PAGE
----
The myth serves intertwining legal and psychological purposes for employers and their counsel.   A long term, productive employee is viewed as damaged.  He or she suddenly becomes a “complainer,” “a trouble maker,” “not a team player,” “unable to communicate,” “uncooperative,” “unresponsive to constructive criticism,” “an alarmist,” someone who “games the system,” “insubordinate.”  Managers targeting these employees sometimes send lengthy and detailed emails documenting “deficiencies” which were neither observed nor noted before the employee raised questions of discrimination or harassment on the job.  As part of this management mythology, employers assume that an employee who complains does so out of a failure of character: the employee must be permanently and irrationally dissatisfied by his or her lot in life, and with his or her workplace in particular.  They believe, or claim to believe, that the employee is dangerous.

Management’s goal is to cast the person as fundamentally unlikeable, less worthy of respect, “less human.”  Ultimately, management lawyers who demonize the worker who reports a problem by treating them as quasi-criminals, put the entire workforce at risk.  When the starting point is that complaints come mainly or exclusively from defective personalities, employers fail to take reports seriously.  They fail to remedy problems before they grow more serious.  They ignore warning signs of sexual predators.  They fail to correct safety hazards.  They allow mistreatment of older workers.  They make it harder for a parent to care for his or her children.

There is a better way.  When a manager puts aside defensiveness and character assassination, and  sees the care and loyalty driving an employee complaint,  he or she is likely to recognize issues that are critical to the well-being of the employer’s enterprise. Unfortunately,  conflict feels less troubling when the enemy isn’t quite so human.  I sometimes think these employers missed a chance to get to know my clients in all their humanity.  But perhaps it is simply easier for them to forget the people they once knew.

Marvin Krakow

About Marvin Krakow

Marvin Krakow (B.A., Yale, 1970, J.D. Yale, 1974), a founding partner of Alexander Krakow + Glick LLP, focuses on discrimination based on race, age, religion, disability, gender, sexual orientation, national origin, and ethnicity, wrongful termination of employment, civil rights, and class actions. He has won seven, and eight figure results. He helps victims of sexual harassment and rape, and represents whistle blowers. He argued landmark cases before the California Supreme Court, Loder v. City of Glendale and Superior Court v. Department of Health Services (McGinnis).

Corporate clones no more: Religious diversity is coming to a store near you

Corporate clones no more: Religious diversity is coming to a store near you

By Alan Reinach

Ever since the Civil Rights Act championed the rights of a diverse workforce, many American corporations have fought to hold on to their homogeneous corporate image.  Some industries, like airlines and retail stores, have elevated corporate cloning to an artform, insisting that their employees embody their brand.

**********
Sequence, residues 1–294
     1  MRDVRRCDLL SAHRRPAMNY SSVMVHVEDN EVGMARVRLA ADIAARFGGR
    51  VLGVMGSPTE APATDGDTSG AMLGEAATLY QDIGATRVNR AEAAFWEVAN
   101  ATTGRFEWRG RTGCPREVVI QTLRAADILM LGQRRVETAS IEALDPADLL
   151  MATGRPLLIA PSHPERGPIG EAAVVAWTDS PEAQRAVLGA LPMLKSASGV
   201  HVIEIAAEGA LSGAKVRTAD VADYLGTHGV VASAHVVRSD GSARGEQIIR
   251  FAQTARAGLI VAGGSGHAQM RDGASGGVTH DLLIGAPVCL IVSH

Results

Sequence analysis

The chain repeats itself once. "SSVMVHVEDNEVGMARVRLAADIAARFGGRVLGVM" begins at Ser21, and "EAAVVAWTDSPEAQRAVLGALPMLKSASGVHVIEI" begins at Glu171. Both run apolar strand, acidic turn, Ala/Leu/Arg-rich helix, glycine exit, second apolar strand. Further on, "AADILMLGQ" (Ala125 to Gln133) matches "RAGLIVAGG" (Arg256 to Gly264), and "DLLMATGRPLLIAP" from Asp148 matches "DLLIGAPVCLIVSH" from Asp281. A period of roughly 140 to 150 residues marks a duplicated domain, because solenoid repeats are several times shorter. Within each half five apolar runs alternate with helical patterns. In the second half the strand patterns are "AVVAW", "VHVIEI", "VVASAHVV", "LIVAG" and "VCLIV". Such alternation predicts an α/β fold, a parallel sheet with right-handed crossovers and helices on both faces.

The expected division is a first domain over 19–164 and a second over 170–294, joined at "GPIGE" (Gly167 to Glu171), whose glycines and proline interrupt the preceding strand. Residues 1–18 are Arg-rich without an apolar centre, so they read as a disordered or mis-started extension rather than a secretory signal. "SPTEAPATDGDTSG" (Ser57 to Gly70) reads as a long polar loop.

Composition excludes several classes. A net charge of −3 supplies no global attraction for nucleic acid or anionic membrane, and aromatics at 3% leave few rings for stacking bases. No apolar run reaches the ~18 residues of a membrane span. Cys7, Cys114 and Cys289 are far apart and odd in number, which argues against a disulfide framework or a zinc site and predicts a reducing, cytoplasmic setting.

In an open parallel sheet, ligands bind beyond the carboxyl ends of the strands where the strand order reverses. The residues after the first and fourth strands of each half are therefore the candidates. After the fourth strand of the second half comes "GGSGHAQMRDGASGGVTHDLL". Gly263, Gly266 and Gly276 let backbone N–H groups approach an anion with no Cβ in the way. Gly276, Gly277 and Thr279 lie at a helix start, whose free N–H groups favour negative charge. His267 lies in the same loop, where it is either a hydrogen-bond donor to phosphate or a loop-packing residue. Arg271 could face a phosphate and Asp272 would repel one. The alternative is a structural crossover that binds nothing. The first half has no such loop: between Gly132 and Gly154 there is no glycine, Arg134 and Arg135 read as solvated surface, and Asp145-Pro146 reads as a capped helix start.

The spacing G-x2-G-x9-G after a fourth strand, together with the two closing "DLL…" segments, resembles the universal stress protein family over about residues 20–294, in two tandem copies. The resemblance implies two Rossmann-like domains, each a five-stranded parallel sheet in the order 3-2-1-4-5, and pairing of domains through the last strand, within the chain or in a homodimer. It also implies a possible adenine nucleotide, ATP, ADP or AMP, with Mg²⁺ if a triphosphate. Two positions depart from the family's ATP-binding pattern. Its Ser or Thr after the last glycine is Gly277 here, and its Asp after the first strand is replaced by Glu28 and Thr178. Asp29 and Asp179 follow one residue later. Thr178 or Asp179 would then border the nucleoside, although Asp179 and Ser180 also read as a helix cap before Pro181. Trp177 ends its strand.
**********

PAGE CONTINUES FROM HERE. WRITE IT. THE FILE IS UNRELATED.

But the rise of the clones has met with resistance in the courts.  In an early case, an airline lost a legal challenge to its requirement that “stewardesses” (they were not called “flight attendants” back then) all be female, young, slender, sexy, and clad in tight fitting clothing.  No matter that such corporate branding was designed to appeal to the male business traveler.  The courts rejected these requirements as gender discrimination.

In more recent years, the most notorious American company to pursue a similar strategy is the clothing retailer, Abercrombie & Fitch.  A&F began as a purveyor of luxury sporting goods in 1892.  After bankruptcy in the mid 1970’s, the brand was resurrected as a youth-oriented clothing retailer.  Today, it is a thriving fixture of the American shopping mall.  Don’t expect to find salespeople in an A&F store – the company doesn’t hire any!  The people who staff A&F’s retail outlets are called “models.”

By hiring “models,” A & F seeks to preserve the right to make its “look”policy a key part of its marketing strategy. Those who work in retail are expected to be living ads for the brand, its image, and its product.

Enter a Muslim woman, wearing a head covering, and you can predict the unfolding drama. In 2009, 19-year-old Umme-Hani Khan was working at an A&F store for several months before the regional sales manager spotted her, and quickly fired her for violating the company’s “Look Policy” – specifically, its prohibition of hats.  The United States Equal Employment Opportunity Commission filed a lawsuit, and the judge heard arguments whether the “Look Policy” justified what amounted to religious discrimination.  The company vainly tried to prove that its marketing success depended on strict compliance with its “Look Policy.”  But as the judge wanted to see more than opinion – she wanted to see how having this woman and her head covering in the store for four months had an adverse impact on the store’s business.  Without such evidence, the judge ruled that A&F had no defense to this act of religious discrimination.

The protection for religious expression exemplified by the outcome in the Abercrombie & Fitch case has enormous significance for all Americans, and for the look of the American workforce. Many religions express themselves through individual dress and appearance:  Muslim women may cover their heads, but so do others.  Sikh men wear turbans, observant Jewish men wear yarmulkes.  Men in several religious traditions wear beards. Christians may wear a cross necklace, and the list goes on.

California now leads the way in outlawing such conduct, with passage of the Workplace Religious Freedom Act, which explicitly prohibits segregating workers form the public on account of religious appearance. As a result of the new California law, and decisions like that in the A&F case, expect to see more religious diversity in corporate America, especially in retail.